Last night, the Metropolitan Opera once again launched their season with a new production, as has generally been their habit since Peter Gelb took over as general director. This time, Mariusz Trelinski unveiled a rather gloomy, though musically satisfying, Tristan und Isolde, replacing the austere and static production by Dieter Dorn from 1999.
Indeed, gloomy might be an altogether ineffectual word to describe Treli?ski’s oppressive vision for the Arthurian romance of forbidden love between a nobleman and an Irish princess. Set in what appears to be a dystopia of the not-too-distant future, oppressive may serve as the better adjective. How else to describe the manner in which Trelinski overwhelmed his tableaus with a confounding lack of light? Darkness is a major aspect of the opera’s erotic dynamics, but Trelinski drove this point to the brink, cloaking the set in perpetual shadow, at times even hiding the singers from view.
While Wagner’s libretto references darkness as the purview of desire, transcendence, and unity, his philosophical framework also gives ample attention to the light—a piercing beam that reveals the phenomenological world, illuminating and undermining desire’s illusory disintegration of boundaries. However, for Wagner’s ideas to work, one needs to be able to comprehend the stark contrast between darkness and light, a point that Trelinski failed to register on the stage. Instead, his intervention was heavy-handed twilight, and not much else.
What exacerbated this problem was the use of a scrim for the entire evening, upon which the director thrust the production’s sole visual accent—a series of enigmatic and irritating projections: images of what appeared to be, among other things, a sonar screen, a sea captain, a child, a boat wobbling amid crashing waves, and a large black orb (perhaps an image of eclipse? I’m not sure).
These choices felt vague, if not downright erratic; and additionally, Trelinski seemed to toy with an obscure backstory—a pretentious gesture that tended to over-determine the text toward ambiguousness, rather than breathe new life into it.
Fortunately, Sir Simon Rattle led an expert Met orchestra; and while the evening failed to work dramatically, there was much to recommend it musically. To begin with, Nina Stemme’s Isolde was a force to be reckoned with—lyrically warm vocalism, with a core of steel. Despite a few unfortunate wobbly phrases, her searing soprano was an exercise in stamina. And, her characterization of Isolde managed to be, despite Treli?ski’s production, multi-dimensional and nuanced.
Moreover, Ekaterina Gubanova’s mezzo-soprano served an especially luxurious Brangäne, Isolde’s maid and confidant. This was most wonderfully evident during the second act, in which her solid, well-produced voice rose up above Wagner’s strings, calling out in warning to the two lovers.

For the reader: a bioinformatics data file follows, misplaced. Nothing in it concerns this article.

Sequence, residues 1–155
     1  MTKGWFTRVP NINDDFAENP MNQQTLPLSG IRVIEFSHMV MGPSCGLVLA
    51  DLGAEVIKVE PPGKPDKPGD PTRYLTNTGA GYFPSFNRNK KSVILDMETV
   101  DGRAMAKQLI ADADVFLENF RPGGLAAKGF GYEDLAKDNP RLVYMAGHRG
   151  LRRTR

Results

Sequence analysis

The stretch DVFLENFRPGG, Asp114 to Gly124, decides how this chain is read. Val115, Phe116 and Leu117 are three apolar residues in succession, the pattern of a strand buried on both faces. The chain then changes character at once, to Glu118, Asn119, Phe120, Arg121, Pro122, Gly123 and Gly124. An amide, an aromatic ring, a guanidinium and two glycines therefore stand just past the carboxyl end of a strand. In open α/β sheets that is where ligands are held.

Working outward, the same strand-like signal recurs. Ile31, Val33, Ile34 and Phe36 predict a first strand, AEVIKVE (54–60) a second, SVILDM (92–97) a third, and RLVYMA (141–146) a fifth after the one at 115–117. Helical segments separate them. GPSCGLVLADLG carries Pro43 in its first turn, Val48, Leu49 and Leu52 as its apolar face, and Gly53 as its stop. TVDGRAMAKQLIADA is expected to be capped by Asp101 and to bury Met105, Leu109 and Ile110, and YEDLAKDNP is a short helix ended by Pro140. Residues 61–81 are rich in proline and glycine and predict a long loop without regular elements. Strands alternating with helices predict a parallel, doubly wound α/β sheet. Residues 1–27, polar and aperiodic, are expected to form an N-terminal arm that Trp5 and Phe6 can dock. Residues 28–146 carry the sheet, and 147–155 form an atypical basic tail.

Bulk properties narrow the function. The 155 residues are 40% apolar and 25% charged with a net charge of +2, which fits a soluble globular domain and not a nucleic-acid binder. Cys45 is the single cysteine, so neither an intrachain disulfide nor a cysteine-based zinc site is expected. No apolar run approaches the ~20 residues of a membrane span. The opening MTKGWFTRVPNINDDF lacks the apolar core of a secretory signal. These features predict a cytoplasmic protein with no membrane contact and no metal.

Another highlight was the stalwart René Pape as King Marke. Pape was, as ever, a reliable presence, arriving in the second act with a secure, sonorous bass, exuding a steady gravitas. And as Kurenwal, Evgeny Nikitin’s bass-baritone was a memorable contribution as well, especially during the third act in which he tried to comfort Tristan, who was writhing in delirium.
The only drawback, musically, was the singing of Stuart Skelton as Tristan, whose round voice sounded more like a baritone with an extension, than a true heldentenor. He started off well enough in the first act; but unfortunately, he began to fall apart during the second. And his vocal difficulties became even more pronounced and unnerving during the third act, a point in which the opera relies most heavily on Tristan’s ability to command the stage.
As Porgy Amor wrote on Parterre last week, the last time Tristan und Isolde opened a season at the Met was in 1937, with Flagstad and Melchior in the title roles. A long time ago. And, I have to admit that when I heard the company was launching its 2016-17 season with a new Tristan und Isolde, I was a little confused. It seemed to me an odd choice for an opening night—long, serious, and potentially ponderous—and indeed, the glitzy audience seemed at odds with the crepuscular, anxious goings-on onstage. They had turned out for a party, and instead were treated to a sermon.
The question that seemed to surface for me was this: why Tristan for a season opener? Tristan und Isolde is an opera structured on the premise of waiting. We wait the duration of the opera, beginning with that infamous chord, for a resolution. Unending suspension—all tension and no release. Such subjectivity bodes well for an opera about erotic love, which hinges on the thin line between a limit and transcendence.
And as I mentioned above, it’s also an opera about light and darkness, about the boundaries that fall away when there’s nothing to illuminate the edge of things: bodies, oceans, and lifespans. Difference, and the way that desire subverts alterity, makes the other—the stranger—suddenly belong to the self (a part of the self?), releasing identity.
Such intoxicating notions, rooted in Wagner’s fascination with Schopenhauer, can potentially engender states of ecstatic and glorious suffering, glamorous and heroic—the stuff of opening nights and season premiers. Perhaps if Trelinski had managed a production as fascinating as the opera’s themes, the programming would have made more sense. But these modes were passed over last night for an essay in bleak arbitrariness. It was very disappointing, despite the excellent musicians, all of whom worked very hard.
It was not the opening night I had hoped for, despite its best efforts and excellent singing. All gloom—a total downer. Here’s hoping the season brightens up a bit, perhaps just enough so that we may at least see the performers on the stage.
Photo: Ken Howard